July
28th 2009
How professors matter

Posted under: jobs, students, women's history

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Libby Gruner at Mama Ph.D. asks:  “Do Professors Matter?,” with respect to (yet another) study confirming that “[d]espite the hand-wringing of cultural conservatives, it appears that most college students are not indeed blank slates on whom radical professors simply write their left-wing politics; rather, students self-select into disciplines that tend to confirm their political biases.”  In other words, even if we saw our primary jobs as evangelists for a political worldview, it wouldn’t matter.

Her post got me thinking:  which of my professors mattered?  Maybe it’s because of my line of work, but all of the faculty members I knew in college still play a large role in my interior life.  It’s striking to think of how much I remember about them–down to their clothing, hairstyles, hearing aids, eyeglasses, catchphrases, and nervous tics.  I also remember a lot about what they taught me, both in terms of the subject matter we covered in their classes, but also about teaching (sometimes by good example, other times by showing me what NOT to do.)  It’s amazing to think of all the different personal styles and pedagogies that I was exposed to in just four short years.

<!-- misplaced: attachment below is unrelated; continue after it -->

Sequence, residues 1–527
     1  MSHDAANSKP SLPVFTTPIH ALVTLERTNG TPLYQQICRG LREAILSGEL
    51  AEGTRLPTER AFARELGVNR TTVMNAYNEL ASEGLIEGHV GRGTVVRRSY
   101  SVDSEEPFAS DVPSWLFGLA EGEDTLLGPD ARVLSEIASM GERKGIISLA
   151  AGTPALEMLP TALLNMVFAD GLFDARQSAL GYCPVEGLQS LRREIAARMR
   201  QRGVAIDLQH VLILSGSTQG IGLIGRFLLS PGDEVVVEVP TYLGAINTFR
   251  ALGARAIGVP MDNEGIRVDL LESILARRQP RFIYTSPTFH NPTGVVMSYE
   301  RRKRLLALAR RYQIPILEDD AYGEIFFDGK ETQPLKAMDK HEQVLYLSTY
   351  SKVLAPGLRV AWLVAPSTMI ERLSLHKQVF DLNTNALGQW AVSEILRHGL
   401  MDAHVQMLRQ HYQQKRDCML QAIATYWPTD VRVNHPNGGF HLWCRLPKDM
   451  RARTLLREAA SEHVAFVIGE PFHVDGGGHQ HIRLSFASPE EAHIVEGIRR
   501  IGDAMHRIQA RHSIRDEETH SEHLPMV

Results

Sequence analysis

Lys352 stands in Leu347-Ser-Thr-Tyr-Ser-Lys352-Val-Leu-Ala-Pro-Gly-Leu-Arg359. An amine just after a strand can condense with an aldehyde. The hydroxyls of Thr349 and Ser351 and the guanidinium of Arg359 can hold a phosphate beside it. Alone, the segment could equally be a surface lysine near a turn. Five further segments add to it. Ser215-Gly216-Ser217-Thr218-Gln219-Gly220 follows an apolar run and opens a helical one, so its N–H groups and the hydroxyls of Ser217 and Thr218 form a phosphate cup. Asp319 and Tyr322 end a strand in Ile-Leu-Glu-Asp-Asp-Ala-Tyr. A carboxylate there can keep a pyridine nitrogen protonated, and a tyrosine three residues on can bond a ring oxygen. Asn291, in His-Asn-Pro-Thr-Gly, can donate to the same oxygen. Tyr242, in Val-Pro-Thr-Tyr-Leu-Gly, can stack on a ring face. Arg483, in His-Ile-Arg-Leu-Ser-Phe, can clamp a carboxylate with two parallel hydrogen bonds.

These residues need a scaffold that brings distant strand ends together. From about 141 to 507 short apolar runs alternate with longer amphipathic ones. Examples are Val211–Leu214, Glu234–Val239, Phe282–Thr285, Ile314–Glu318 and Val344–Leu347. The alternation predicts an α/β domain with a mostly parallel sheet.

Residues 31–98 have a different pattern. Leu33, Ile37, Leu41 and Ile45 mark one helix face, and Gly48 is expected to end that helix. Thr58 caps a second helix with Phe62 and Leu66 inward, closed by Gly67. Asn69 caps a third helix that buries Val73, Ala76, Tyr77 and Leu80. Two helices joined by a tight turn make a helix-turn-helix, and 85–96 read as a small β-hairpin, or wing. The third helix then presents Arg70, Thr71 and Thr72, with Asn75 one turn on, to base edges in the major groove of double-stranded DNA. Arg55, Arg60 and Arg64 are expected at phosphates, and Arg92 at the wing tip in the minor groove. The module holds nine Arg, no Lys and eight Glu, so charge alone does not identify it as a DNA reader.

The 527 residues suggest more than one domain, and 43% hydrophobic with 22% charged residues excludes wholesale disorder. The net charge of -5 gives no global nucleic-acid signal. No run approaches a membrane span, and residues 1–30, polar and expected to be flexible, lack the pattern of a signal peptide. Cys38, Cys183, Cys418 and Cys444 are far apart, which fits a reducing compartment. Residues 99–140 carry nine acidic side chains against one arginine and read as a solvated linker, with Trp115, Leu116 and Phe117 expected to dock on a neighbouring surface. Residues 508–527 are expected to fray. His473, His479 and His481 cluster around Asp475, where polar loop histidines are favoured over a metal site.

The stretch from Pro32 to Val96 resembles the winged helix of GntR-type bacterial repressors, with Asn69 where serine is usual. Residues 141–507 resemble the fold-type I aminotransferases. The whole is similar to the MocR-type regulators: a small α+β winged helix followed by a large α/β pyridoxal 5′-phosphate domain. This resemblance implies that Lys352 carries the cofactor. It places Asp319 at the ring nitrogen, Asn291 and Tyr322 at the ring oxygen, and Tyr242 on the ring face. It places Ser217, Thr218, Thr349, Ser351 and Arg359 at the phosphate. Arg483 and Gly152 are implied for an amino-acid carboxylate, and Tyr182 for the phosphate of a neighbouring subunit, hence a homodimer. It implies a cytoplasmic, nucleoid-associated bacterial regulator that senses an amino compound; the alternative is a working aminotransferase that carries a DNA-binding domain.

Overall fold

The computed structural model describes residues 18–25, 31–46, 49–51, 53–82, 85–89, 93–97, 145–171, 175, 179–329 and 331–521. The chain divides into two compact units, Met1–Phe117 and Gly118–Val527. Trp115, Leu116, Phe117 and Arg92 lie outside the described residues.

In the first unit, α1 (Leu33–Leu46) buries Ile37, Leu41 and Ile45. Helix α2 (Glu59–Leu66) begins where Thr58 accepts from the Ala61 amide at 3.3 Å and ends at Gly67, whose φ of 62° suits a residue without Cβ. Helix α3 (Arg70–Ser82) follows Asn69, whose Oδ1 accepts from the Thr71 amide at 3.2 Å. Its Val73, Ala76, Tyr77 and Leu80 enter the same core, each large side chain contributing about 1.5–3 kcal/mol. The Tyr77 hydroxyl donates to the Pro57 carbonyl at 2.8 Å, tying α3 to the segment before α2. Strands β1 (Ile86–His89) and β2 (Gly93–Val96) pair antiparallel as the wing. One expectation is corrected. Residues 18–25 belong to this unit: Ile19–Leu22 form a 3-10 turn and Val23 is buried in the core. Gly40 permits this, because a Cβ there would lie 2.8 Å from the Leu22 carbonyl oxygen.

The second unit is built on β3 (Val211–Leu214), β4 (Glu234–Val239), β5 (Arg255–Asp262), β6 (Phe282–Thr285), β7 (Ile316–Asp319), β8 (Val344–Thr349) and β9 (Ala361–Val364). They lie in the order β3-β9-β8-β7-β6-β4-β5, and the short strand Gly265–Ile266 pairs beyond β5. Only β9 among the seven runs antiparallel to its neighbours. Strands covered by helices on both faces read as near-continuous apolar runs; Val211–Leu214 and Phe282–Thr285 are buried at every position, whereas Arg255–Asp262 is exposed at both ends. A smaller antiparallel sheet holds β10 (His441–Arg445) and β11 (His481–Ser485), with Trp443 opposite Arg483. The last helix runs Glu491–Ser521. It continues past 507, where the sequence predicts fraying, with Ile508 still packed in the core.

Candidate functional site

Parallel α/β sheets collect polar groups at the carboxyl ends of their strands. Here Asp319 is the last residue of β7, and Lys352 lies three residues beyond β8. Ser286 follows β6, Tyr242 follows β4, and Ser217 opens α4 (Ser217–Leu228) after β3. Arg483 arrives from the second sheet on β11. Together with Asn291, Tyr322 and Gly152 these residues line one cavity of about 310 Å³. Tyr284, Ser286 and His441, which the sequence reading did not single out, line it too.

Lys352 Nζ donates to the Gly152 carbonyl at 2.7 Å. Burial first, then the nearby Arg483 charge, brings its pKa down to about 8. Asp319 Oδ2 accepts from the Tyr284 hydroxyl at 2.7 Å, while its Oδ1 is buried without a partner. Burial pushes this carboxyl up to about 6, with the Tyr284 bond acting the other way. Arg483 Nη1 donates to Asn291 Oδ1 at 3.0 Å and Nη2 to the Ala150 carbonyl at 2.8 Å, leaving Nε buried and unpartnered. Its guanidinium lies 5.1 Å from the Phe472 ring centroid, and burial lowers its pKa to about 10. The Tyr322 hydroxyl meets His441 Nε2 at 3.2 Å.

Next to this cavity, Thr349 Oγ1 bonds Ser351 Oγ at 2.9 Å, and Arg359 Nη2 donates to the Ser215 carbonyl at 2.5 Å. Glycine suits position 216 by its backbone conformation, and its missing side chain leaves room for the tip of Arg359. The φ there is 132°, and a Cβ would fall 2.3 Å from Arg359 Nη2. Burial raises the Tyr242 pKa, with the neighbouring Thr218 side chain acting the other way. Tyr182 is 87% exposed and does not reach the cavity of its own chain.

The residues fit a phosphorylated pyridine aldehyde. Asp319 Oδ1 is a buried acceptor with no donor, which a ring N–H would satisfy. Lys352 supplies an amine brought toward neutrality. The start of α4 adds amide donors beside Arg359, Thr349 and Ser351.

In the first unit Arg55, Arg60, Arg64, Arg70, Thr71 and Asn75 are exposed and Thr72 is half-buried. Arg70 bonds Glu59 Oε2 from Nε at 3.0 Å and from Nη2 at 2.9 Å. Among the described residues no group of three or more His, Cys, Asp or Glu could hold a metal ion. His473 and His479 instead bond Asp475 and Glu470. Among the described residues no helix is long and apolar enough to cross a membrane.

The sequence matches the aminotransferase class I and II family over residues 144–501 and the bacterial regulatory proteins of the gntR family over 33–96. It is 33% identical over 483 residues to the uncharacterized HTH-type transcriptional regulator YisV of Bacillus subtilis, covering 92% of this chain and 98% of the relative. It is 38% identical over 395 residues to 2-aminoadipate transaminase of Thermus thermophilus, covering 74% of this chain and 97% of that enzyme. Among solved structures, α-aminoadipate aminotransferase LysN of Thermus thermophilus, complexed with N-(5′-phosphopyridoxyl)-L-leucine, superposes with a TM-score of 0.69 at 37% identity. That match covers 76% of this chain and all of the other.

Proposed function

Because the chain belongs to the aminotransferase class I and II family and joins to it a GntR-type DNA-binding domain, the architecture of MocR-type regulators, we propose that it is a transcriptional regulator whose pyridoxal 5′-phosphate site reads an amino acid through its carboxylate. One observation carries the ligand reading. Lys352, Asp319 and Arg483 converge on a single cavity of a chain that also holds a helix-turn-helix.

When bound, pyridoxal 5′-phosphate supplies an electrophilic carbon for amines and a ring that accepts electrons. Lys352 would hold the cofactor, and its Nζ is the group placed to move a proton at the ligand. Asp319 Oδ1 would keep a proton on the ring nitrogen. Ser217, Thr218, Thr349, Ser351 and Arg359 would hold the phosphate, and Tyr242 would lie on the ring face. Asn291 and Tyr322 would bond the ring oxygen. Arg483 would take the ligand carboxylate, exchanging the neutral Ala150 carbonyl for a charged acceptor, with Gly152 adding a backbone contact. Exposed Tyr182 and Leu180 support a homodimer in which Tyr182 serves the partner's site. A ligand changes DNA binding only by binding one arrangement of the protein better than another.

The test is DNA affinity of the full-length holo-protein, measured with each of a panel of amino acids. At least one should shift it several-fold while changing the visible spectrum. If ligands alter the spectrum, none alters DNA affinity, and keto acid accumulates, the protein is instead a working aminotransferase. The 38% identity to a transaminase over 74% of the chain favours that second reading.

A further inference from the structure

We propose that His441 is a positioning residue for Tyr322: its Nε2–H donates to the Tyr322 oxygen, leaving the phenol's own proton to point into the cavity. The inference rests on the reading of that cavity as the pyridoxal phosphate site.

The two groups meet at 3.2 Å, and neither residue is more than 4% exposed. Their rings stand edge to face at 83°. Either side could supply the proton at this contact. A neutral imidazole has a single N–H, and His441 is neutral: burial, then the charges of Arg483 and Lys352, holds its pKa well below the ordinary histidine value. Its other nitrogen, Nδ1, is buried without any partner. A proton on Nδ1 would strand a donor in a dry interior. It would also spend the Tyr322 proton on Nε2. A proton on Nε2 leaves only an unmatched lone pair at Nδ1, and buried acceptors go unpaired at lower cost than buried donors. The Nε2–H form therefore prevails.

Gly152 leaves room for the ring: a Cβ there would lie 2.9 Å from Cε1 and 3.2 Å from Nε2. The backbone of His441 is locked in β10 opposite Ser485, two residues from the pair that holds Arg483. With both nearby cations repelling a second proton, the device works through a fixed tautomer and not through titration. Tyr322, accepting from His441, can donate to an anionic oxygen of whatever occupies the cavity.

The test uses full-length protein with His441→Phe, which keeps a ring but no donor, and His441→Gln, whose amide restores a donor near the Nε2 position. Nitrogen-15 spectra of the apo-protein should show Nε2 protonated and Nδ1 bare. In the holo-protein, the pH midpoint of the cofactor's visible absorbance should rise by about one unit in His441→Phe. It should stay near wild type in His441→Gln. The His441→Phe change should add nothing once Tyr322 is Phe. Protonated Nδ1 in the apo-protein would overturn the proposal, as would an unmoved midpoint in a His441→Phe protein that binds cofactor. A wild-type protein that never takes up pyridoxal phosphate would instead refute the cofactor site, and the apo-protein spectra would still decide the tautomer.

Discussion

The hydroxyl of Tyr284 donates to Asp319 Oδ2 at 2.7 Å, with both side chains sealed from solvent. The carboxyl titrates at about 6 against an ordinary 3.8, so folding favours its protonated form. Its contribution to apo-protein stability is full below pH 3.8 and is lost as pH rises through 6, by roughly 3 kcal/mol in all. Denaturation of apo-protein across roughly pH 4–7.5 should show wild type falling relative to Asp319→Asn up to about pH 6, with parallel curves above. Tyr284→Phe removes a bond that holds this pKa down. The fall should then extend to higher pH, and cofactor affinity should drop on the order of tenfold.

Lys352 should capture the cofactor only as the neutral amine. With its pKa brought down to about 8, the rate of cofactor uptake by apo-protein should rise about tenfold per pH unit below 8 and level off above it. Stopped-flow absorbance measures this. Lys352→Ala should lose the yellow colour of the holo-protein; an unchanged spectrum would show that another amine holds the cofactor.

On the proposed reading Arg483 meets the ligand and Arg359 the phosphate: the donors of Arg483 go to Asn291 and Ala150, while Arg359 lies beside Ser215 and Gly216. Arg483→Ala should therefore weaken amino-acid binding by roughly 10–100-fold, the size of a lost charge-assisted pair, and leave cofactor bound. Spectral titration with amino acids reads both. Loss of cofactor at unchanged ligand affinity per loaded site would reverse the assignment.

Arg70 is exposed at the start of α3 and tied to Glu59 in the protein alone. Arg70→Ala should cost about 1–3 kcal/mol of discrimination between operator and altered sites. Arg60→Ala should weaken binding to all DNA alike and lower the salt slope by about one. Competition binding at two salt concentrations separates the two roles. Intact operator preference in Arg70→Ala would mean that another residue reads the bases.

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I attended a small college, and was taught by a cross-section of quirky, fusty, eccentric, and brilliant (and sometimes all of the above) scholars who together embodied every stereotype of college professor you’d ever want to run into:  the brilliant archaeologist who hid his light under a bushel of timidity, and hair he must have cut himself and suits he must have stitched himself, too; the Iraqi Jewish linguist who wrote novels in Hebrew and Arabic, for fun; the cute little-old-lady language professor who was rumored to have had a wild life in her youth; the political scientist with the big, shaggy dogs in her office who was oddly unmoved by my obvious brilliance and apple-polishing; the “cool prof” in her early 30s who wore trousers and lived in an eighteenth-century townhouse in the city; the history professor who was reaaaally old and boring in class and whose hearing aid screeched unbearably when he cranked it up but who was a linguist who did top-secret work for the Allies in World War II; the hard-boiled middle-aged English prof who dished gossip along with suppers at her house on campus; the brilliant historian who was so brilliant and tortured by his perfectionism that he never managed to publish much of anything, and who held seminars in his on-campus house, cultivating gangs of upperclasswomen and men who hung on his every word and mannerism.  (We’d do impressions of this guy for laughs.  What a bunch of nerds we were!  But happy nerds, natch.)